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Notice to Readers: Buckle Up America Week --- May 22--29, 2006

During 2004, motor-vehicle crashes resulted in 37,142 deaths to vehicle occupants, and approximately 3 million occupants were treated for injuries in emergency departments in the United States (1,2). Safety belts are the single most effective means of preventing death and serious injury during a crash, 45% effective in preventing death in passenger cars and 60% effective in preventing death in light trucks (3). Buckle Up America Week, May 22--29, 2006, is a national campaign, coordinated by the National Highway Traffic Safety Administration, to increase the proper use of safety belts and child safety seats. As part of the campaign, law enforcement agencies across the nation will participate in a Click It or Ticket mobilization by conducting intensive, high-visibility enforcement of safety belt and child safety seat laws.

During 2002, approximately 81% of adults in the United States reported that they always used safety belts (4). However, safety-belt use varied by state/territory, ranging from 52% to 93% (4). Evidence from systematic reviews has demonstrated the effectiveness of interventions to increase safety-belt use (5). CDC and the U.S. Task Force on Community Preventive Services strongly recommend implementing safety-belt laws, primary safety-belt laws (i.e., laws that allow police to stop and ticket a motorist solely for being unbelted), and conducting enhanced enforcement of these laws to increase safety-belt use (5,6). Additional information regarding Buckle Up America Week activities is available at http://www.buckleupamerica.org.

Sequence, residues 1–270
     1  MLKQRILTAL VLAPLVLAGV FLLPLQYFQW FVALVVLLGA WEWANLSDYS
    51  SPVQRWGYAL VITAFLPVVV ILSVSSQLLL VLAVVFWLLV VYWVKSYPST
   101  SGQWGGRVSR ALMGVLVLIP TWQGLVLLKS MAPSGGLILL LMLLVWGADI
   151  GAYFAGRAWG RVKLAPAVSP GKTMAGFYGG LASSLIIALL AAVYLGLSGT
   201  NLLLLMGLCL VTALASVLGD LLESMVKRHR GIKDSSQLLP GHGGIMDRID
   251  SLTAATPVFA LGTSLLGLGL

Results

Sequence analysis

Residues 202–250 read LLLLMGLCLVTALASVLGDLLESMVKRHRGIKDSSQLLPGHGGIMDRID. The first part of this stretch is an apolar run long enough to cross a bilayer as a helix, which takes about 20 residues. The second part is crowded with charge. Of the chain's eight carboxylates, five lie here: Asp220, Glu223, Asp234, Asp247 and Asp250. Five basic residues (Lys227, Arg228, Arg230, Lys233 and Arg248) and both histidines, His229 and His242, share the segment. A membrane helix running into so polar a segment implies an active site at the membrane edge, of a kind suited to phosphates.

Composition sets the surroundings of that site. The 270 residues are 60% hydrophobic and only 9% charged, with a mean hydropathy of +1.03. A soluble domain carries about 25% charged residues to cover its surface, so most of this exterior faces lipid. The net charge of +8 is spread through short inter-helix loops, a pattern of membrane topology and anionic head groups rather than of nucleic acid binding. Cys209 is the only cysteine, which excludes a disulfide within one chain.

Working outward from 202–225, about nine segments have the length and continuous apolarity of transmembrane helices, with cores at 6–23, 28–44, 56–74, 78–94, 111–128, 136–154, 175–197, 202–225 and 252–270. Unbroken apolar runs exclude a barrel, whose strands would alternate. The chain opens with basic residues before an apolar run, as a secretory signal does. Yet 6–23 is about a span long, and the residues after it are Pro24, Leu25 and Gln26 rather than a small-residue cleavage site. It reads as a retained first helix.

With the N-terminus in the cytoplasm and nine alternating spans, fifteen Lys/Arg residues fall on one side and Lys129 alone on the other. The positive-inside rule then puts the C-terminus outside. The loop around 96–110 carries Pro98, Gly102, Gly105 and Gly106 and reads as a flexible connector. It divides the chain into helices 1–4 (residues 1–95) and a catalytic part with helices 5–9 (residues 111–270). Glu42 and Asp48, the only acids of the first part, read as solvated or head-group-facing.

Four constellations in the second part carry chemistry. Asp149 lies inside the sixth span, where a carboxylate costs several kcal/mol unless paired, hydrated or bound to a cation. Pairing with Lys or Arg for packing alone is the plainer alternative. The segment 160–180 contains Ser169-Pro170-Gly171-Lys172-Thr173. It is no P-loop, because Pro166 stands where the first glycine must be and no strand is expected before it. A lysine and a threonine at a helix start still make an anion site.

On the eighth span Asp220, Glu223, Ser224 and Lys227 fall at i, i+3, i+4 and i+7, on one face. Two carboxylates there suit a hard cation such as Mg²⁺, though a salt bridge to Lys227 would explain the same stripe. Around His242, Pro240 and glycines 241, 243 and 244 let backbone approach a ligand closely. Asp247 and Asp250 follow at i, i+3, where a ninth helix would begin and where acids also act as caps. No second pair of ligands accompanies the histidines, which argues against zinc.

References

  1. National Highway Traffic Safety Administration. Fatality Analysis Reporting System (FARS) web-based encyclopedia. Washington, DC: National Highway Traffic Safety Administration. Available at http://www-fars.nhtsa.dot.gov.
  2. CDC. WISQARS™ nonfatal injury reports. Atlanta, GA: US Department of Health and Human Services, CDC. Available at http://webappa.cdc.gov/sasweb/ncipc/nfirates2001.html.
  3. Kahane CJ. Fatality reduction by safety belts for front-seat occupants of cars and light trucks: updated and expanded estimates based on 1986--99 FARS data. Washington, DC: US Department of Transportation; 2000 (publication no. DOT-HS-809-199).
  4. CDC. Impact of primary laws on adult use of safety belts---United States, 2002. MMWR 2004;53:257--60.
  5. US Task Force on Community Preventive Services. Motor vehicle occupant injury [Chapter 8]. In: Zaza S, Briss P, Harris K, eds. The guide to community preventive services: what works to promote health? New York, NY: Oxford University Press; 2005.
  6. CDC. Motor-vehicle occupant injury: strategies for increasing use of child safety seats, increasing use of safety belts, and reducing alcohol-impaired driving. A report on recommendations of the Task Force on Community Preventive Services. MMWR 2001;50(No. RR-7).

Use of trade names and commercial sources is for identification only and does not imply endorsement by the U.S. Department of Health and Human Services.


References to non-CDC sites on the Internet are provided as a service to MMWR readers and do not constitute or imply endorsement of these organizations or their programs by CDC or the U.S. Department of Health and Human Services. CDC is not responsible for the content of pages found at these sites. URL addresses listed in MMWR were current as of the date of publication.

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Date last reviewed: 5/17/2006

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